How to Help Training Programs “Stick”

Dr. Casey Mulqueen and Dr. Natalie Wolfson have authored an article on Training Industry which discusses the workplace biases that exist that may hinder the ability for the soft skills training that a workplace receives to actually stick.

Dr. Mulqueen and Dr. Wolfson say “Soft skills training courses, like ones meant to enhance resilience and emotional intelligence, sometimes fall short. It’s not that people actively resist the concepts, but many are passive about creating real change in their behavior. A reason for this is embedded in human nature and can be overcome with a simple and engaging strategy.”

According to the article, we all have two main brain functions which effect learning and behavior. The emotional brain is quickly reactive and less logical, while the rational brain is slower to respond, but is “conscious, deliberate and analytical.” Our emotional brain is where we develop cognitive biases that are typically subconscious, meaning we aren’t even aware we have such biases, yet these biases greatly affect our behavior. Luckily, we can manage these biases by demonstrating to people how they are affected by them, then provide strategies to overcome them.

Upon examining one’s own reaction to stress, most people will recognize certain patterns in their thinking. Some people catastrophize, always assuming the worst case scenario, while others may externalize and have difficulty taking responsibility when things don’t go as planned…”It’s Tom’s fault we didn’t get the sale. If he hadn’t put me on the spot on the topic that he knows I don’t know much about we wouldn’t have looked like bumbling fools.”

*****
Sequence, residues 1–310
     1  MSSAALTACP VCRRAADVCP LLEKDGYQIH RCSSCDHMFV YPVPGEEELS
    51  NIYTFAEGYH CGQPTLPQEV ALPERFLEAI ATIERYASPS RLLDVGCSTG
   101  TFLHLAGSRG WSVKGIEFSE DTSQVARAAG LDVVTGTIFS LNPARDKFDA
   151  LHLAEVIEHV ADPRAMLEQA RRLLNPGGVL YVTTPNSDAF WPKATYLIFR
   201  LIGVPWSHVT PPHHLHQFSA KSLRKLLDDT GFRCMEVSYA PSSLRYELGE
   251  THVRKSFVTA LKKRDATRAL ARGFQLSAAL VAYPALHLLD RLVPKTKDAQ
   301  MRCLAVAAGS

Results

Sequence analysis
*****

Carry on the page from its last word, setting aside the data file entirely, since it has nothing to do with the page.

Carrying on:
In the Training Industry article, Casey and Natalie describe a strategy that helps learners understand their biases, and focuses on one bias in particular that nearly everyone suffers from to some degree – the negativity bias. Read this blog to learn more about the negativity bias.

“A simple way to make it real for people is to ask them to write two lists: one with all the negative emotion words and the other with all the positive emotion words they can think of. Only allow thirty seconds for each list. Most people will generate a longer list of negative words compared to positive words” says Casey and Natalie.

Concluded from the Training Industry article titled “Bias in the Workplace: Using Neuroscience to Improve Training”, Dr. Wolfson and Mulqueen say, “The negativity bias inhibits people from making positive changes to their thinking and behavior. This, in turn, affects their performance and how they deal with stressors. The simple process of learning about the bias, recognizing how it affects oneself and challenging automatic thoughts can be accomplished within training programs. This is particularly helpful where the goal is to enhance resilience, emotional intelligence and even innovation. The technique is easy to remember and practice, and can powerfully affect people’s thinking and behavior.”

There are many other strategies which can help individuals understand their behaviors and reactions to stress. Once we understand why we react the way we do, it’s easier to identify when we are having reactions which are hindering our performance. We become better equipped to identify what is triggering us and this allows us to make necessary changes to enhance productivity. TRACOM’s Adaptive Mindset for Resilience and Behavioral EQ training programs help to identify these biases and provide numerous actionable strategies which enables us to create positive changes.